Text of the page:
at Barrett's Farm
1953 to about 1960
Thanks to Laurie P., we now know about this area. Here are the details from her:
Bretwood Tow was located across the street from the current Bretwood Golf Course on East Surry Road in Keene, NH. When driving from Keene toward Surry on Route 12A East Surry Rd is on the right. Take this road following the sign for Bretwood Gold Course. You will pass the golf course on your left. Just after the club house there is a red farm house and barn, as you drive toward the barn you will notice the bottom of the rope tow.
The other day while driving past with a friend I saw the bottom of the rope tow and pulled over to take pictures of it for further exploration. As I was taking pictures from the road a gentleman on a farm tractor pulled up into the yard. He looked down toward the road at me and I asked him if he knew anything about the rope tow that used to be there. He said, "Know something about it, I built it." I introduced myself and asked him if he had a minute and would like to tell me more.
introduced himself as
and told me that he
had built the tow around 1953. Apparently, when he first
built the tow, a State Tramway Inspector drove up one day
and said he had come because the rope tow was not
registered. Ellis offered to let him inspect it and
showed him the safety gates he had put on it at both the
bottom and the top, but the inspector said he didn't want
to look at it. He told Ellis he would have to register
it. Ellis told him it was on his personal property for
personal use and he didn't feel he needed to register it.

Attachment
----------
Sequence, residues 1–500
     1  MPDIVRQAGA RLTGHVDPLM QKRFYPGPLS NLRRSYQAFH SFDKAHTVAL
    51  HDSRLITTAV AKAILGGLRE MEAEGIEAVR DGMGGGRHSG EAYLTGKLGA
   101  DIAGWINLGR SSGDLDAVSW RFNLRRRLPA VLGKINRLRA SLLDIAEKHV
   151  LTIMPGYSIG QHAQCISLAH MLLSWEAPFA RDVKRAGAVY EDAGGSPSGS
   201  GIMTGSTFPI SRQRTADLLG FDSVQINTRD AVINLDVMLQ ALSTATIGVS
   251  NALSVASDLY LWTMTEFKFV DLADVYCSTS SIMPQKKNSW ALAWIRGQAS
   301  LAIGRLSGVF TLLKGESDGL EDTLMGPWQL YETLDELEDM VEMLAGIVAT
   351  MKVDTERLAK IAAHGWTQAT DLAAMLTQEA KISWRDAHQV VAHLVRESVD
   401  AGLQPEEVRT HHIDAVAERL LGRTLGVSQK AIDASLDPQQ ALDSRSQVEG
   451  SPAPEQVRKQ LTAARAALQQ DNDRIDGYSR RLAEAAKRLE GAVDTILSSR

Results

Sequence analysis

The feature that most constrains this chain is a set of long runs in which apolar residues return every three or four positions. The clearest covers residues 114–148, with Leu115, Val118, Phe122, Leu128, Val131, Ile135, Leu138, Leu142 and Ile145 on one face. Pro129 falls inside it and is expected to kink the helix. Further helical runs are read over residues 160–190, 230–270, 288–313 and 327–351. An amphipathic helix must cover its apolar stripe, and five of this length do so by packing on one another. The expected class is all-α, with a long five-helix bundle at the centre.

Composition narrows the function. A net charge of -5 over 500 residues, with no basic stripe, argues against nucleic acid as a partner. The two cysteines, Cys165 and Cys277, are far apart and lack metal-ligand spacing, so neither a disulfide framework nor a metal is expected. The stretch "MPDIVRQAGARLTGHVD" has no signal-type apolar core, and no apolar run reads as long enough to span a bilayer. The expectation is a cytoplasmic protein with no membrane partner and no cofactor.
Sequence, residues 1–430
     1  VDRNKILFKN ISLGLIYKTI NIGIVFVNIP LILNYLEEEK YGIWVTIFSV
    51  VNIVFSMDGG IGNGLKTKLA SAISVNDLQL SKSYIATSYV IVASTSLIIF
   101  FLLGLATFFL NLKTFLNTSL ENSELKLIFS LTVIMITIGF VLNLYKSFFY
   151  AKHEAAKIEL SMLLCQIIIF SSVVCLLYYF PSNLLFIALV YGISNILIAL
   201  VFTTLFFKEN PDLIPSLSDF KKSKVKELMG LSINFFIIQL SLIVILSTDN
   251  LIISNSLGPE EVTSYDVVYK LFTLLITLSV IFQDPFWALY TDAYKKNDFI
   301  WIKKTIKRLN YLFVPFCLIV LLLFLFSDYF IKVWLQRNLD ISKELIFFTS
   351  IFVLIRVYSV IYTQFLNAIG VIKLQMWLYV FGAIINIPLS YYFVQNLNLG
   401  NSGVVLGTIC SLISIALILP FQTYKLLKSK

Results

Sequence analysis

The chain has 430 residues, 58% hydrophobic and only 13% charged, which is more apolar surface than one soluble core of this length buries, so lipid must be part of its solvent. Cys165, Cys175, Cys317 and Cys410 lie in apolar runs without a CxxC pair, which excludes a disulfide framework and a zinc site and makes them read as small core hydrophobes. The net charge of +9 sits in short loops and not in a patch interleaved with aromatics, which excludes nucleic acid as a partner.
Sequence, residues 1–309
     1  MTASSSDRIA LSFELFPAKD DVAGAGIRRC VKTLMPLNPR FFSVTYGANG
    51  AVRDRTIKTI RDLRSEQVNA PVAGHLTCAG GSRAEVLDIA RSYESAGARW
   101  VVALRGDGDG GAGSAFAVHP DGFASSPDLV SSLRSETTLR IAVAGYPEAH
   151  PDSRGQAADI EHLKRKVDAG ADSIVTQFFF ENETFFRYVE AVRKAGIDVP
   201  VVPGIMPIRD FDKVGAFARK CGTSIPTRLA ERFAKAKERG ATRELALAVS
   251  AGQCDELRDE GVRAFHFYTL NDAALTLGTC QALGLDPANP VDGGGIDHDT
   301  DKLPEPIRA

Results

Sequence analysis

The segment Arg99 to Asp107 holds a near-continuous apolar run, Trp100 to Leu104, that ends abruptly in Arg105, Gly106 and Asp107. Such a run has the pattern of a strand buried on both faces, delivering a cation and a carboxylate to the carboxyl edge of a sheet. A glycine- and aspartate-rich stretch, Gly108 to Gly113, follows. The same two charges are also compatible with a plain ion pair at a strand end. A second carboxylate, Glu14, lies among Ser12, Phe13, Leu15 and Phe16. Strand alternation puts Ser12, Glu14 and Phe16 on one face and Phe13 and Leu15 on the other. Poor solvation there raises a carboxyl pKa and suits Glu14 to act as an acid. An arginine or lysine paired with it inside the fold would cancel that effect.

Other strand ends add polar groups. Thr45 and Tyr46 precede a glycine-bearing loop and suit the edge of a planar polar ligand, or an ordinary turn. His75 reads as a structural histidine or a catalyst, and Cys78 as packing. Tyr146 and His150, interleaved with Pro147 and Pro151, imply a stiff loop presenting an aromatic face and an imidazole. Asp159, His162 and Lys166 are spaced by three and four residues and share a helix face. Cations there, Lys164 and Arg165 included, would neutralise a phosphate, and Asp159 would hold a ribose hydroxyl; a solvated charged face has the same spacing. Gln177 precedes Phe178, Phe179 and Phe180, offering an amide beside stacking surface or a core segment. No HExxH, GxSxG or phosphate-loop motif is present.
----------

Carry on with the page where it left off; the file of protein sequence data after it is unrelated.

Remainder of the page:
About a week later, Ellis got a subpoena to appear in court because the rope tow wasn't registered. He told me he wrote a letter inviting them to inspect his tow and sent a check, but they never came out to do it, so before his court appearance he cancelled the check. Ellis' argument in court was that he never charged anyone to use the tow and the area was on private property so the people there were his private guests. He told me that he told the court if he had to register his rope tow then everyone who had a tennis court, basketball court or other recreational area in their yard should have to register them too. Ellis won his case.
Bretwood Tow at Barrett's Farm Terraserver picture. Tow went up the hill near the barn. The hill has grown in guite a bit now, but part of it is still clear.
Ellis allowed anyone who wanted to use the tow to do so and never accepted payment for use of it. He said that people still come up to him today and tell him they learned to ski on his hill. He continued on to tell me that after working the farm all day, he would come over and shovel snow from the sides to cover bare and thin spots. He also told me about the many small children he used to help up the rope tow.
During the life of the small area he used two ropes. He used Columbian Hemp Ski Rope. When the first rope wore out from use, he purchased a new, longer rope and extended the tow further up his hill. The rope was about 1800 feet long from end to end which meant that it towed people about 800 feet up the hill. His slope was between 150 and 250 feet wide as it came down the hill. He told me that the hill had about a 30 degree grade. It appeared to have about 100-150 vert. to me.
The lift was constructed using telephone poles and tire rims. It was powered by a John Deere Tractor and a Studebaker transmission. Ellis constructed the drive wheel by hand using small pieces of wood to shape sections of it.
Picture of the area:
First rope tower I spotted
Bottom of the tow from road.
Close up of drive wheel.
Pulley wheels at the bottom.
Blurred view of a tower uphill
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